Celebrate the history of Roller Derby


This is the historic Chicago Coliseum.

It was built in the late 1800s, constructed largely of the bricks from the terrible civil war Libby Prison in Richmond, Virginia, and was located at 1513 S. Wabash St.

For a long time it was the main exposition and gathering place for Chicagoans:  The 1896 Democratic convention was held here, and events from sporting goods shows to basketball and horse shows utilized the building.

And on August 13, 1935, Leo Seltzer put about 20 men and women on roller skates in order to skate a marathon the distance of the US from coast to coast for a prize money of $500

A team was one man and a woman, and they would alternate, and rest on view in the infield in between skating times.  The event started each day in the morning and lasted until about midnight.  The admission was 10 cents, and the skaters augmented their winnings by performing skits, or singing during the breaks, called open houses, when fans would throw coins to show their approval.  The players were fed and housed separately within the North Hall of the building.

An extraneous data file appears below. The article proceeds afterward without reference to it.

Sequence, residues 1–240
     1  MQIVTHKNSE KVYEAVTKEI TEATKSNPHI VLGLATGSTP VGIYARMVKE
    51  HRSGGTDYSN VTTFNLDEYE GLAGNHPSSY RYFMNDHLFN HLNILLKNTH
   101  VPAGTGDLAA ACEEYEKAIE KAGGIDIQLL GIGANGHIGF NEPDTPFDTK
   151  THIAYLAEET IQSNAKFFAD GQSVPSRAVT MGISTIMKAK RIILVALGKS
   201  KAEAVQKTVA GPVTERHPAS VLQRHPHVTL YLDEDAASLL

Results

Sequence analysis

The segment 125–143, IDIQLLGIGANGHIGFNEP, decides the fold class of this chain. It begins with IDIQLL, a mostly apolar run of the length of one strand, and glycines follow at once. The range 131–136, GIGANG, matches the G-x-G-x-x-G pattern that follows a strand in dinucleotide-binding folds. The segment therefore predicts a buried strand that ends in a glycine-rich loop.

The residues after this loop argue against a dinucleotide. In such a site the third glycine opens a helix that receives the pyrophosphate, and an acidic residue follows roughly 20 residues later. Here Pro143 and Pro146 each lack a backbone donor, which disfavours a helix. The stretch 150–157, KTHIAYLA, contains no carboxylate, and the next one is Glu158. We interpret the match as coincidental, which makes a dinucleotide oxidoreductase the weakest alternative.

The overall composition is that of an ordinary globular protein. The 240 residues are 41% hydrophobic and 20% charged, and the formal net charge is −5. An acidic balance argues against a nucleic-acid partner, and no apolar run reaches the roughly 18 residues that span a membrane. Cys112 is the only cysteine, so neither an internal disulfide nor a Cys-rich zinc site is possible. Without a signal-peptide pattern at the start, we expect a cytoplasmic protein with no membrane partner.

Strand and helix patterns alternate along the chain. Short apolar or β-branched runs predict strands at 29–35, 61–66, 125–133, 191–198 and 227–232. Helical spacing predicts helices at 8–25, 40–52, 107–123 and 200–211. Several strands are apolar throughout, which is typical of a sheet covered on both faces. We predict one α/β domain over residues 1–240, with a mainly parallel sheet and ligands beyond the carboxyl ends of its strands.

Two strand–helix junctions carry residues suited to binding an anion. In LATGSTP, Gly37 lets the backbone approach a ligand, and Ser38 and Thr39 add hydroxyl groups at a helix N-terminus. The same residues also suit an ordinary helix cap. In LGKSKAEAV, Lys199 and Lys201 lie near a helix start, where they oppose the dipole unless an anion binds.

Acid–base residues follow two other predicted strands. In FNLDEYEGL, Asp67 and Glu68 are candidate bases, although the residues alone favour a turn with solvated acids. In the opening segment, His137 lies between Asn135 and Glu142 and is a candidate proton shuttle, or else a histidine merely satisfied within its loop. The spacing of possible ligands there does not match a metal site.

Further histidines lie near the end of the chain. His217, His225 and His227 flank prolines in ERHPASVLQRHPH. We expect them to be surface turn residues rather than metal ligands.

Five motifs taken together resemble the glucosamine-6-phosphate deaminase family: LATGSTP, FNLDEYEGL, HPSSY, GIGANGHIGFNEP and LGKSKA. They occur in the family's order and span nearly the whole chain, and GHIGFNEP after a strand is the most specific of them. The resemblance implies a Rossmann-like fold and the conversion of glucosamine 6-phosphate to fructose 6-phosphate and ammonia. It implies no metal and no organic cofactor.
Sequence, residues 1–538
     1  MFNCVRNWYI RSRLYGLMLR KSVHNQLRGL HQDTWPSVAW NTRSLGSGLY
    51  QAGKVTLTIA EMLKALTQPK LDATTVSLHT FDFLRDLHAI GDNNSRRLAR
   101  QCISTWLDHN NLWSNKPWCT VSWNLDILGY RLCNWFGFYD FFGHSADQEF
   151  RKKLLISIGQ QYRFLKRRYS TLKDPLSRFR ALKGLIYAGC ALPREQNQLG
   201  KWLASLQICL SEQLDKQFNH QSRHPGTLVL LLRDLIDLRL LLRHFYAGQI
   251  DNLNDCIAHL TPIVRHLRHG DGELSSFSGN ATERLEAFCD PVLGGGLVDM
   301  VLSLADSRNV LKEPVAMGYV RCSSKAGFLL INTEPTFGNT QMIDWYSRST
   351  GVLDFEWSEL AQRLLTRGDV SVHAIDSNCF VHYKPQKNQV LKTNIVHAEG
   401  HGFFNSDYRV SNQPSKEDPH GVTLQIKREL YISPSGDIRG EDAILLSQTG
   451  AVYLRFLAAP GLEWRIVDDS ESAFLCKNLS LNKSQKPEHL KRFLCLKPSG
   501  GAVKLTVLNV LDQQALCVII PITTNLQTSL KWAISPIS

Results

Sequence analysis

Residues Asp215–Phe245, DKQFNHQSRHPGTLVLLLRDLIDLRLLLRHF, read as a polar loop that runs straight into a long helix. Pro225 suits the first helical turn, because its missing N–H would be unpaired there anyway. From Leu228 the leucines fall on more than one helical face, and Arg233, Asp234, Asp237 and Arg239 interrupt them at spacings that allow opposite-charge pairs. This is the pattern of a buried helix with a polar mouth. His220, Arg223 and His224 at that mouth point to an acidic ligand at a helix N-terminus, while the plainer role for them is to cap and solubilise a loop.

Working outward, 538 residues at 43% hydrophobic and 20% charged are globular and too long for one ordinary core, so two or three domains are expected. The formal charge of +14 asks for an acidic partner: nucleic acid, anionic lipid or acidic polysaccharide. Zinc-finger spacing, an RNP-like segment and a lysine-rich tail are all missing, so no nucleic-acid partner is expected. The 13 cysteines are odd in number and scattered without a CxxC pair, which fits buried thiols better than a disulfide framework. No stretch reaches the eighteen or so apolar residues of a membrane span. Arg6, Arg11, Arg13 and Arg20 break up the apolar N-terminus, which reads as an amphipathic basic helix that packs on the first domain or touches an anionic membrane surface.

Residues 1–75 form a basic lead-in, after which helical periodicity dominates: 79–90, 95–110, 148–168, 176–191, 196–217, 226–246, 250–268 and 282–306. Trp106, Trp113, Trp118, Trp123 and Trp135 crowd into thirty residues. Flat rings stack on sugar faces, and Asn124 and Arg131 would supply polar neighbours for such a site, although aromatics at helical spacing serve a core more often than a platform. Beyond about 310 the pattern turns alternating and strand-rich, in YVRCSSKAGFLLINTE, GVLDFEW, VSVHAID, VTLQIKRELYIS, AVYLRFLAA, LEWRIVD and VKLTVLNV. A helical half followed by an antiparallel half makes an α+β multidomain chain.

Seltzer received much condemnation for allowing women to compete but knew that was a major attraction for the audience.

The last Derby was skated in the 60’s.  The building was then used as the main gathering place for Elijah Muhammad, and the speakers included Malcolm X and Muhammad Ali.

The building was demolished in 1982; there are now housing units there.

Many of the almost 1500 modern Roller Derby leagues around the world are celebrating the 78th anniversary of their sport this week.  Santa Cruz Derby Girls are having a Red Cross-Brown Paper Ticket blood drive on that day.  And the Undead Betties will be having a 78th anniversary drive in Livermore on August 16.

4 comments on “Celebrate the history of Roller Derby

Leave a Reply

Fill in your details below or click an icon to log in:

WordPress.com Logo

You are commenting using your WordPress.com account. Log Out / Change )

Twitter picture

You are commenting using your Twitter account. Log Out / Change )

Facebook photo

You are commenting using your Facebook account. Log Out / Change )

Google+ photo

You are commenting using your Google+ account. Log Out / Change )

Connecting to %s